There is something uniquely awful about children getting gunned down. But in terms of school security, the good news is that we are still free enough to use existing laws and institutions to experiment in states and local communities, in government and private schools, to see what works…

One principle that should unite all serious conservatives is that the institutional life of republican societies is too important to leave to the tinkering of ideologues. Churches, families, neighborhoods and villages, and most voluntary associations are best left to the hand of God, or at least to the often messy workings of his natural order. The school in self-governing polities is an extension of the family, often administered by the church or the neighborhood, more recently becoming the ward of the state—and therein lies the crisis we face today, or at least the debate about that crisis.

Schools in the United States were once a means for the cult to make sure that its common memory, certain basic skills for the exercise of citizenship, and a tribal appreciation for its principles of social life were passed on to the next generation. Thus, the culture was preserved, more or less, and very gradually the schools themselves (including the buildings) became symbols and containers of that culture. Just as county courthouses had by the 1830s come to represent Temples of the Republic, the Constitution and the Rule of Law having been adopted fully into the civil religion, by the end of World War II the government schools were established as the Academy of Democracy. The words carved in stone over the two main entrances to the “high” school in Hillsdale, Michigan (built in the 1920s and still used as the “middle” school) are “Enter to Learn,” and “Go Forth to Serve.”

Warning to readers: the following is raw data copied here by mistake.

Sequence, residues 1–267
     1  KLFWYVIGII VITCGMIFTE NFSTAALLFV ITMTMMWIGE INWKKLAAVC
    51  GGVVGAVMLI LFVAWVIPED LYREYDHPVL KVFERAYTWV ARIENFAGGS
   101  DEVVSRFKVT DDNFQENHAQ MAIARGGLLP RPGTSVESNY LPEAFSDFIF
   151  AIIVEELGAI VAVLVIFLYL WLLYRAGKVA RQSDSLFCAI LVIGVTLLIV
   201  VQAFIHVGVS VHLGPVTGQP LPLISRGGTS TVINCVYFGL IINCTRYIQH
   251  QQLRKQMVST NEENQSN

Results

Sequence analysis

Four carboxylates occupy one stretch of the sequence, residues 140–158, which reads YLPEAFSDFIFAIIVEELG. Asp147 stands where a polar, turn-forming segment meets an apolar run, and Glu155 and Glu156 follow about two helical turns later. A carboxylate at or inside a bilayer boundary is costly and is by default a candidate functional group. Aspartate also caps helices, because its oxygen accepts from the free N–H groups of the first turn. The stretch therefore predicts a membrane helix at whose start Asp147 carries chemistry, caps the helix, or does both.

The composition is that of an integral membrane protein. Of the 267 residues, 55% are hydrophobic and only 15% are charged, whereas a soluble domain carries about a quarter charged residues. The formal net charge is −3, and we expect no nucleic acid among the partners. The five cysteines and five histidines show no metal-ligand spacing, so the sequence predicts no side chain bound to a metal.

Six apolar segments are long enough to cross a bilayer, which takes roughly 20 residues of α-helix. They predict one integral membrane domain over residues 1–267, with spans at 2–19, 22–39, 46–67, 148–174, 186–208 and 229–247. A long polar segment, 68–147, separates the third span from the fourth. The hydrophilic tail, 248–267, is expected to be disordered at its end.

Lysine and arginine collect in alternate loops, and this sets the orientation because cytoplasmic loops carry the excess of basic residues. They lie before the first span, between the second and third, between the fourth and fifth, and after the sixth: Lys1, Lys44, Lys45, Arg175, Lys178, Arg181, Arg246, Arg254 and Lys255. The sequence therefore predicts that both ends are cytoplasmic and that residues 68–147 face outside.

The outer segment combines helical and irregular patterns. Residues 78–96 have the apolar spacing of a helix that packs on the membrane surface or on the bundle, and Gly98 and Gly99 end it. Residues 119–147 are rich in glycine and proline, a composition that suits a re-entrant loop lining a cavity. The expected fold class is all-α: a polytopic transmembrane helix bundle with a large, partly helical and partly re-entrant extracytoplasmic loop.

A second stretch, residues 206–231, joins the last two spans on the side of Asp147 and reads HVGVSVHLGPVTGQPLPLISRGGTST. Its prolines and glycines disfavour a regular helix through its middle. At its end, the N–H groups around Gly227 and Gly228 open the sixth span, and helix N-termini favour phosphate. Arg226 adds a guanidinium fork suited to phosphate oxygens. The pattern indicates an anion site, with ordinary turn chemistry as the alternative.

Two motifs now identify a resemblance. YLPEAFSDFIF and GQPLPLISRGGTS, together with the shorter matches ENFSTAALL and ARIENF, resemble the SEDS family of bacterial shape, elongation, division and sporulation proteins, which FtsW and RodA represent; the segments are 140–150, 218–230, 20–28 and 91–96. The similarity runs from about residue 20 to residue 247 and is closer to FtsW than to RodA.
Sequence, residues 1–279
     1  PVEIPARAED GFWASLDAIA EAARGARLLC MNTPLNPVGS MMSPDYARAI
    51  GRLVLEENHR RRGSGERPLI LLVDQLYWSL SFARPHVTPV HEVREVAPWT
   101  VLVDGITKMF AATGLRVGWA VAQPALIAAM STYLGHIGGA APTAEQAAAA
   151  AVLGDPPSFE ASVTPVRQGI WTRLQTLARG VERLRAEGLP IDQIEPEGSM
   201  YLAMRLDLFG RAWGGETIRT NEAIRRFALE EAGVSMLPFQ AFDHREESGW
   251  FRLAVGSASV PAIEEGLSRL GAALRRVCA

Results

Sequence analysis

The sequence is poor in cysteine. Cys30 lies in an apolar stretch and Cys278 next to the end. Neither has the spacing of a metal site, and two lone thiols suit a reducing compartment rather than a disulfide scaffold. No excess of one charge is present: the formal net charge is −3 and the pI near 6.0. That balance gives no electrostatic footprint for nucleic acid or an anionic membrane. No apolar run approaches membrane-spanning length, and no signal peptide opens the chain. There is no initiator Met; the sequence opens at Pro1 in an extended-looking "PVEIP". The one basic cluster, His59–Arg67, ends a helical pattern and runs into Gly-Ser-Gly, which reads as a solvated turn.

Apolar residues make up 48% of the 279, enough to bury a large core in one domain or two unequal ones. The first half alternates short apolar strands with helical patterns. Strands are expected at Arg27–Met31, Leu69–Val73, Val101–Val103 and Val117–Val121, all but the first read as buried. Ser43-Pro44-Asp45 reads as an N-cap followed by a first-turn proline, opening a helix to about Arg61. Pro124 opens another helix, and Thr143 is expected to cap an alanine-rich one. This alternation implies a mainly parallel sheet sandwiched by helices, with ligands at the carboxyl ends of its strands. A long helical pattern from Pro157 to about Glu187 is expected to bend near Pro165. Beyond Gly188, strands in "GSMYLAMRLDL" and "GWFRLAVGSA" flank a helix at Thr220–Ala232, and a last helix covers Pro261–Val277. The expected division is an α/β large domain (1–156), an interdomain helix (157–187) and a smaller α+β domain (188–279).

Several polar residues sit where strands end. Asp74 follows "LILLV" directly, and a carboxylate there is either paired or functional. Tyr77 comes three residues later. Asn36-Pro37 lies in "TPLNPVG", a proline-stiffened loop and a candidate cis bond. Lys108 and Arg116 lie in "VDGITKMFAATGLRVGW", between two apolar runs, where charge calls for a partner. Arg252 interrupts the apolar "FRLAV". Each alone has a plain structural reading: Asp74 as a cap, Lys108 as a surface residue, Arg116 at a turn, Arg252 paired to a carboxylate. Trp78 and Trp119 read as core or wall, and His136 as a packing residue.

By 1945 or so, as the imperial responsibilities of the republic were thrust upon a victorious nation, the opportunities created by the greatest prosperity known by any people in all of human history made it possible for Americans to imagine fulfilling the progressive dreams of democracy and equality, guided largely by science and technology—and the schools. It has been a great privilege (and curse) of this writer’s life to have entered the school system in 1945 and the teaching profession in 1962; to have spent much of the revolutionary 1960s in graduate school; and to have taught 12,500 students in public, private, and religious institutions of “higher learning” for the rest of the century and beyond. He has witnessed the following remarkable changes, presented here as historical realities and not on the basis of their merits or lack thereof.